We love you guys and can't wait to see you again soon!

Lago de Mojito

Mojitos on the Lake

We decided to make it an early morning the day we left San Ignacio in hopes that the border crossing into Guatemala would be less crowded and that the temperature might be a little cooler.  We only encountered one problem at the border; they wanted full page copies of our passports and motorcycle title and we had cut our copies in half to conserve paper.  They were very insistent, so I watched the bike while Ty ventured in to another “free zone” to find someone with a copy machine.  Not surprisingly, there was a guy on the side of the road waiting with a copy machine.  We crossed into Guatemala and immediately felt a difference in atmosphere.  The temperature dropped at least ten degrees and the scenery became much greener and hillier; we decided it was the first place since the States that we would have chosen to take a ride and not just gone because we had to.  Flores was our first destination and we had not heard much about it, except that it was supposedly pretty dangerous.  When we pulled into Flores, we laughed; it was one of the most beautiful and tourist-friendly places we had been.  There was a very nice little hotel with a dock and a beautiful view of the lake for next to nothing a night, so we unloaded the bike and went to the restaurant next door.  We were very pleased with the cheap drink specials, such as two for $2 mojitos and cubetazos (bucket of beers) for $6, the amazing food (best sandwich I have had on the trip,) and the extremely friendly waiter;  We probably could have stayed all night but decided we should probably catch up on some sleep.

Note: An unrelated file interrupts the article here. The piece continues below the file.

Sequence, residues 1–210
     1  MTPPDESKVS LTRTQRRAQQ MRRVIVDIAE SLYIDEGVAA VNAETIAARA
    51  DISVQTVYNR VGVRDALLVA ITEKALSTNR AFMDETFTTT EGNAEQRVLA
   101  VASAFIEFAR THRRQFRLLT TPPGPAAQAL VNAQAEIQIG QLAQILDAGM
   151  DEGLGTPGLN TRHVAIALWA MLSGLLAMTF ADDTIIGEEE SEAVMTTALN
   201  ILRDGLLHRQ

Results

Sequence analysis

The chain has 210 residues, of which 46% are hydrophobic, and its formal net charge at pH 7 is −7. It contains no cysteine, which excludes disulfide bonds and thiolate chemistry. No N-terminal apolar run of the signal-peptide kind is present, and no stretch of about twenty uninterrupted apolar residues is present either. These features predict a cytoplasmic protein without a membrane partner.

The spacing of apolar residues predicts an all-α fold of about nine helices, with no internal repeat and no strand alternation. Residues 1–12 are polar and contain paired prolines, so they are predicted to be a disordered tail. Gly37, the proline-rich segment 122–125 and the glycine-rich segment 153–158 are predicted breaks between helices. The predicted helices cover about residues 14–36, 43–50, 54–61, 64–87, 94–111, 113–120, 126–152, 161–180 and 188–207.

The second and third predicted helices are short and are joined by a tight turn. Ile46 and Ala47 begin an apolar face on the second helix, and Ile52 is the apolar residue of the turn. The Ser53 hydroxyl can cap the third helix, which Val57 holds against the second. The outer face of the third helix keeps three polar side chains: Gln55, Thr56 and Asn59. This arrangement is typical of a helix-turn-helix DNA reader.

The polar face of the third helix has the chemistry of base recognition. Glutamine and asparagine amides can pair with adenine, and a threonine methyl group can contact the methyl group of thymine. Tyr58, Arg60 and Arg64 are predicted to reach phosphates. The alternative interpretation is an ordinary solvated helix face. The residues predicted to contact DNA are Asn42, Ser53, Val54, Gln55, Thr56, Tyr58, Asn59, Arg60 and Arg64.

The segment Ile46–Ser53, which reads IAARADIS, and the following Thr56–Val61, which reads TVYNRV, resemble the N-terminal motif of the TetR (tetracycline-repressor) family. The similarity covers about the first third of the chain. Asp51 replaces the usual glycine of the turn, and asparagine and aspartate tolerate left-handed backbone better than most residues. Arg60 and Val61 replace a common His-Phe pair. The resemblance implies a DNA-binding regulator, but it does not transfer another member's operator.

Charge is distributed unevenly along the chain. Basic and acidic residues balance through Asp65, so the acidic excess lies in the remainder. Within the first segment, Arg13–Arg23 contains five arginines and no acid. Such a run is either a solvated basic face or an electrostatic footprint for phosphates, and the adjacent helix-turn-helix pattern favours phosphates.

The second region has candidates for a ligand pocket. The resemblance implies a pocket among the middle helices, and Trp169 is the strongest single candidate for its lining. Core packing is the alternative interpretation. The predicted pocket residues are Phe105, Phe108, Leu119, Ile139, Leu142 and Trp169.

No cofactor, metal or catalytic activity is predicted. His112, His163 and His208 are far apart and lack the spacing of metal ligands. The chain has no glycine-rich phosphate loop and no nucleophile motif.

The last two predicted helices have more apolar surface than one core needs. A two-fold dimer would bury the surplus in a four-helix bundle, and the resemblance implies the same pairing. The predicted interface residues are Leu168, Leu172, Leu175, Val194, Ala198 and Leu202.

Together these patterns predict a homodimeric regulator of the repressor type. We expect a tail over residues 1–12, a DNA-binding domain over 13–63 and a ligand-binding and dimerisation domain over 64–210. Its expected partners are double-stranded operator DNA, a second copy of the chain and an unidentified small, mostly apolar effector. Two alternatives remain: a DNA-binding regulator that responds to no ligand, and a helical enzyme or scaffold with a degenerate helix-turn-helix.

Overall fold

The beautiful view from our hotel room

Our plan was to stay in Flores for just a day so we could see Tikal, but our friends Alex and Tom showed up the next morning and it didn’t take much convincing to change our plans.  Everyone was having so much fun in Flores that no one was even interested in checking out Tikal yet.  We went for a swim in the lake, consumed more mojitos (I am pretty sure I single-handedly ran our favorite restaurant out of mint,) and caught up with the guys.  We decided that we would head over for Tikal in the morning with Tom and Alex and it turned out to be the perfect day for it; cool and cloudy.  It didn’t take long to get there and, as we pulled in and drove down the main stretch, I made my first monkey sighting.

I had been waiting the whole trip to see one, so, as you can imagine, I was pretty excited.  I shrieked, almost sending Ty off the road.  Tikal was completely different from the rest of the ruins we had seen and we both agreed that it was our favorite of the trip.  There were still giant, unexcavated mounds all over the place; it made you feel like you were an explorer discovering the ruins for the first time.  Climbing to the top of a few of the temples was no picnic, but absolutely worth the effort as the views were outstanding. 

View from the highest temple in Tikal

Wildlife surrounded us in all directions; we saw monkeys, anteaters, fox and several species of birds, among others.  It was also the first location of ruins where we weren’t sweating our butts off, which was a huge perk.  After several hours of exploring, we made it to the end of the loop and headed back to Flores.  On the road leading out of Tikal we ran into the guys’ Australian friend Charlie, who was also traveling on a motorcycle.  He said he was riding with his friend Patrick, from San Francisco, and that they would meet us in Flores.  And so it began; the six of us quickly became friends over cubetazos and mojitos and decided we would make the trip west all together.  That night, however, Ty’s brother emailed us with some very bad news; his mom was in the ICU at KU Medical Center and we needed to get home as soon as possible.   We all decided that we would leave together the next morning and we were glad that we would have the guys along with us.